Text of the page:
Ever feel like you’re not reaching your full potential as a landscape business owner? Maybe you’re not making enough mistakes. Yes, mistakes.
If, as an owner, you are too worried about making mistakes as you grow your business, then you’re not reaching your full potential.
Don’t worry about the number of mistakes you might make or be too self-conscious about making them to move forward. Instead, imagine your customers and your team are curious to hear what creative solution you’ll come up with next. The ones that work give you a reputation as an innovator and the ones that don’t work give you a chance to learn and improve.
You know your job; now have confidence to try ideas to improve your job.
Here’s a checklist to show how owners can make smart mistakes to improve their businesses.
1. Dare mistakes to happen. Freezing to avoid mistakes is not growing. Learning comes from listening to helpful feedback and feedback comes when you’re in motion. Mistakes become teachers when we recognize, communicate and implement course corrections.
2. Consider values and objectives. Planning only for immediate challenges leads to frequently having to change shortsighted plans. Weigh ideas against long-range goals and organizational values and be willing to take risks to achieve those worthwhile objectives and values.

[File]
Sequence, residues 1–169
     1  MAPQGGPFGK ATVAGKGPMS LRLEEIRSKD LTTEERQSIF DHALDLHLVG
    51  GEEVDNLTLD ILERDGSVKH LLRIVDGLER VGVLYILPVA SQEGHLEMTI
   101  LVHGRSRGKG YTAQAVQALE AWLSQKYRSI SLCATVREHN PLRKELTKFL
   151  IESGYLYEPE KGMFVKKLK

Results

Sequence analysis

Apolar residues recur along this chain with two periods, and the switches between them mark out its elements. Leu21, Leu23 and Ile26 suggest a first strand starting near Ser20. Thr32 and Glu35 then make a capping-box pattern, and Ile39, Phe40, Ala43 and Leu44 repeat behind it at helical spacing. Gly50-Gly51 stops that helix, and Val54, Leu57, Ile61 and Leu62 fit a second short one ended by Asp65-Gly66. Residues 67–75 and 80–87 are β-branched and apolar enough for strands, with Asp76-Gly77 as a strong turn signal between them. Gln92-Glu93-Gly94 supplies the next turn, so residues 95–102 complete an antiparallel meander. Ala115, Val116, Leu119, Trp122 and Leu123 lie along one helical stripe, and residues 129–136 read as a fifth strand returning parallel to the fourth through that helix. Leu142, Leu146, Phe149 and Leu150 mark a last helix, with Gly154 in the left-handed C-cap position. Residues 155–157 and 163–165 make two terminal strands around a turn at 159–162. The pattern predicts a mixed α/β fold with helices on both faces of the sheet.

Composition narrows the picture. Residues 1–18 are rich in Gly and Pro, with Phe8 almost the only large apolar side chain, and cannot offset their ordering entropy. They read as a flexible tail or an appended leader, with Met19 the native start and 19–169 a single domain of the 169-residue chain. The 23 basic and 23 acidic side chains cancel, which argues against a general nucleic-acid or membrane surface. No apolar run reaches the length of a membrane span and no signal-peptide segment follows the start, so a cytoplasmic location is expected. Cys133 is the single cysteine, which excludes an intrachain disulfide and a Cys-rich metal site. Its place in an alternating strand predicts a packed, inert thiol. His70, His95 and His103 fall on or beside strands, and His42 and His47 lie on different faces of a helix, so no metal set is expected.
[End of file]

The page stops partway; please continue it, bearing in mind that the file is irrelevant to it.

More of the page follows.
3. Don’t kill an idea with research. Begin when you have a reasonable fraction of data you think you need. The rest of the information will come as feedback when you’re in motion; you’re expected to make adjustments as you learn. Standing still to gather the last tidbits of information is indecision and some of the information you’ve gathered may even be outdated by the time you begin.
4. Make team decisions. When team members have input into a choice, they’re committed to making their plan succeed. If a mistake looms, they’re committed to making corrections rather than assigning blame.
5. Take calculated risks. Safe plans have lower learning potential. When you see an opportunity, leap at it. Whether succeeding brilliantly or going “splat,” you’ll have learned what happens when you do that and generated new feedback to enhance your learning. Remember to thank people for their feedback, regardless of whether it was delivered kindly or soaked in vinegar. Then, let people (especially your team) know what you learned and what you’ll do differently next time.
6. Serve your customer. Correct decisions and mistakes are each made on behalf of your customer. Let them know how wise and brave they were when risks succeed and how confident they can be with your corrective actions when you notch a magnificent mistake. Any explanations you must make will make sense when you’re in service of your customer.
7. Be accountable. The game is “no blame.” If a risk turns out to be a mistake, take accountability and spearhead the effort to correct the outcome and document what you learned.
8. Share credit; be responsible. When risks pull through with no major mistakes, spread credit lavishly, making sure top management hears about the team achievement. Not merely so that others enjoy working with you, but because learning isn’t only from correcting mistakes — people also learn and are inspired by seeing what it looks like when they get credit for mistake-free work.
Risk analysis isn’t about avoiding risk; it’s about identifying obstacles and knowing what you’ll do when problems come up. Having a Plan B and even Plan C makes it more likely your exploration will carry the twin labels of educational and successful.